Summary: Deals with the 3 Crosses at Calavary: One man died IN sin, one man died TO sin and one died FOR sin.


There are many ways one might meet one’s demise. It might be an accident, it might be disease, it might be old age, or it might even be through intent, ours or someone else’s. Though there are many means by which one might experience death, there are only two possible conditions in which one might meet the hour of death. We see each of those two conditions in the text for today. But before we look at the text more closely, let me share the account of three young men. They had been given opportunity to do well. They came from a good home. They were loved by their parents. They were brothers, biologically, but two of the young men were of a different spirit. When they grew into their teens, they became involved in fights, parties, immorality and crime. The third, the elder brother, tried to urge them to do differently, but was met with scorn and ridicule. In a real sense, the elder brother, we’ll call him Bill, represents the attitude, activity and experience of the Lord Jesus Christ. He, too, came to offer us a different, better and Godly way of life. He, too, was met with scorn, rejection and ridicule. His plea fell on deaf ears. In time there was an attempted robbery and Bill’s brother, Ted, was shot and killed. He had not availed himself of Bill’s offer of help and died in his delinquency. A similar situation shows up in the text. There we see three men, three crosses and three deaths. In spite of all Jesus’ grace, intent, desire and ability to save we see one spurning Him unto death. Consider the first man.


A. The thief, though in a perilous position himself, joined the other mockers railing and abusing Jesus verbally. His heart was not softened by the certainty of his impending death. He died in sin.

B. Many maintain that same careless, stiff-necked attitude today.

1. They say, "Nobody tells me what to do! I make my own choices, call my own shots, determine my own direction!"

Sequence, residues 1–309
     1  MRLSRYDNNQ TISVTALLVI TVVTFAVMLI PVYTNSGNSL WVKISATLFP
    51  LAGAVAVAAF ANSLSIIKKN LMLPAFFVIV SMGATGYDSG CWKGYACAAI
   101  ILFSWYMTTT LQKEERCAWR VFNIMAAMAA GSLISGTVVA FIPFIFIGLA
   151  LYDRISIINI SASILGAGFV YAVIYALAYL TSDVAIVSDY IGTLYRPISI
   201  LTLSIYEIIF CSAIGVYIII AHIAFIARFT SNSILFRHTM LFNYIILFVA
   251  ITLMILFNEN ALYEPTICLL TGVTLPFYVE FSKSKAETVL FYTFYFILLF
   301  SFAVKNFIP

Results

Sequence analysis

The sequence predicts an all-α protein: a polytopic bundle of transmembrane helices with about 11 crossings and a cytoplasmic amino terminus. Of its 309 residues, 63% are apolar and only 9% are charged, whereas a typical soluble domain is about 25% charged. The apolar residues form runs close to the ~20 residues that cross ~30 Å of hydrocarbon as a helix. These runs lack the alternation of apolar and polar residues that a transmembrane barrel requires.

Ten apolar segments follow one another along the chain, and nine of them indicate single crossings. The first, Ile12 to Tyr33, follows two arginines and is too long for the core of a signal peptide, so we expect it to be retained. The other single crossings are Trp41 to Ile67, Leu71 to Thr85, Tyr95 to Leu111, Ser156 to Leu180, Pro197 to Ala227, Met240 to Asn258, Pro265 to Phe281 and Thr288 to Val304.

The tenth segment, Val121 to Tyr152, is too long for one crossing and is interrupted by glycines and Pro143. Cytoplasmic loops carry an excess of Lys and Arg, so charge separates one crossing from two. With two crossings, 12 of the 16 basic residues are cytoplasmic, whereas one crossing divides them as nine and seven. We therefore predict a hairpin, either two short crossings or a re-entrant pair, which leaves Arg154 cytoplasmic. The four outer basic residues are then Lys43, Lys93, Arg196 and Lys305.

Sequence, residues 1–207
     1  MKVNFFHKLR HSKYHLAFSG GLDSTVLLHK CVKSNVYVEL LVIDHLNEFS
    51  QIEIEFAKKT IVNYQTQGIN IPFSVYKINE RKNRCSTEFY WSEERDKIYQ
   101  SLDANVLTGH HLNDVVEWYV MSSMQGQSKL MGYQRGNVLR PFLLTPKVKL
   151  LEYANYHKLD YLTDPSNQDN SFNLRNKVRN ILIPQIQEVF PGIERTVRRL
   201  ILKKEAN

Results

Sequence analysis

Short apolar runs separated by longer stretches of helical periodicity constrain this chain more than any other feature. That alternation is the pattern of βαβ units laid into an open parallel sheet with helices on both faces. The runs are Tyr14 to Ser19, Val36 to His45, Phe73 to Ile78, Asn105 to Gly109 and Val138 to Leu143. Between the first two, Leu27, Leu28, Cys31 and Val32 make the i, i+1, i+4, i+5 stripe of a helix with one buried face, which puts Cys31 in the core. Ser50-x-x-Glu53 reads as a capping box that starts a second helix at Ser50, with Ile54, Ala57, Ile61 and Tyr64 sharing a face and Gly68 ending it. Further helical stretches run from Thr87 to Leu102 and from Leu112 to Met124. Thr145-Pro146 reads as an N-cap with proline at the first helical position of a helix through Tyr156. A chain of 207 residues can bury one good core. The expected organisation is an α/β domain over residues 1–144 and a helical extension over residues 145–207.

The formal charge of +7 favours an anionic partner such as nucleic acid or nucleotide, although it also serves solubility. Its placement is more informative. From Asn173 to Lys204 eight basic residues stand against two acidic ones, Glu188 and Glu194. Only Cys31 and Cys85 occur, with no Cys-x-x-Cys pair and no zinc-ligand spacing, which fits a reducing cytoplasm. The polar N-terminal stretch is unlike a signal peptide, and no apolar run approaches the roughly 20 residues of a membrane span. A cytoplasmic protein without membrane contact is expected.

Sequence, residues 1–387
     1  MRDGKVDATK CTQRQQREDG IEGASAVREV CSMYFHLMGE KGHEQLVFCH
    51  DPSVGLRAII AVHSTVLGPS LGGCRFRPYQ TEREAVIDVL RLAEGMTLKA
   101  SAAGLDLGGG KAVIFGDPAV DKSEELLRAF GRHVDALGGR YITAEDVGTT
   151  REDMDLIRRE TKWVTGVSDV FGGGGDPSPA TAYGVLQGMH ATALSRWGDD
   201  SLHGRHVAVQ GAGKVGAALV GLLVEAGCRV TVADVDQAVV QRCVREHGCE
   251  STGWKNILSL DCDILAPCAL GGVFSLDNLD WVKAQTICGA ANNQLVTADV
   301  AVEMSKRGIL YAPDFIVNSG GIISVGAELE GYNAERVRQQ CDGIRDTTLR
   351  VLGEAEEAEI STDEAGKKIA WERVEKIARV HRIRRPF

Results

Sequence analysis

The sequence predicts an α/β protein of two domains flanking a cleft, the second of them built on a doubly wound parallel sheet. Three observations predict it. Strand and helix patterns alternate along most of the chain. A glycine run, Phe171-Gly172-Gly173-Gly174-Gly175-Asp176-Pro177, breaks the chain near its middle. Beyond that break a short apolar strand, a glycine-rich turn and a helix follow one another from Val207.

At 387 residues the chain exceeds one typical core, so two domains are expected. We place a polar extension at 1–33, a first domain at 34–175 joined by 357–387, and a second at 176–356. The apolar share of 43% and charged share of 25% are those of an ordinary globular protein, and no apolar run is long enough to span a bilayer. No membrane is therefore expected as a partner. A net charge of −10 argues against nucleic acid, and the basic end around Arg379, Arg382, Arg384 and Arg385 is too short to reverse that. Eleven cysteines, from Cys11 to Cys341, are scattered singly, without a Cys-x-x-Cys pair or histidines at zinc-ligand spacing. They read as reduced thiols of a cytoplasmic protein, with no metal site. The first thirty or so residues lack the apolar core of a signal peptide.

2. Their philosophy is, "If it feels good do it!"

3. Their god is their body, their money, their popularity, and their pleasure.

4. Their way of life is described by Paul in Ephesians 2:1-2 "And you were dead in your trespasses and sins, in which you formerly walked according to the course of this world, according to the prince of the power of the air, of the spirit that is now working in the sons of disobedience."

5. Some think they are good enough in their own right and don’t need any help from Jesus. They trust their works, their sincerity or their religion.

C. To all who think and live that way, Jesus says,

1. John 8:24 "I said therefore to you, that you shall die in your sins; for unless you believe that I am He, you shall die in your sins."

2. Luke 13:3 "I tell you, no, but unless you repent, you will all likewise perish."

D. It is appointed unto all once to die and then comes judgment. Hebrews 9:27. To die in sin is to face sure condemnation and eternal separation from God.

Bill’s brother Ted died in his criminal condition. Bill grieved over his slain brother. And his grief fueled the fire in his heart to still save the one remaining brother, Jimmy who was now in jail for his infractions. Bill visited Jimmy regularly and urged him all the more earnestly. Jimmy was released on bail. The death of his brother and the reality therapy of being jailed began to work on this boy’s mind and heart. The faithful persistence of his brother Bill etched itself into his thoughts. He resolved, with Bill’s help and guidance, to shape up his life. He would return to the church of his boyhood; he would reestablish ties with the family; he would sever relationships with his criminal cohorts, he would once again follow Christ. A similar change of heart is evident in the text. In this text we see 3 men, 3 crosses and 3 deaths. The first man died in sin; consider the second man.


A. Not long before this man, too, had hurled verbal venom at Jesus. But eternity dawned on him. Death’s cold hand touched him. Judgment came to mind. And he repented. He died to sin. Please note, however, that beyond that, beyond repentance, this man is not a model of Christian conversion. You cannot point to the thief on the cross as an argument for baptism not being necessary:

1. Christian baptism had not been commanded or practiced yet.

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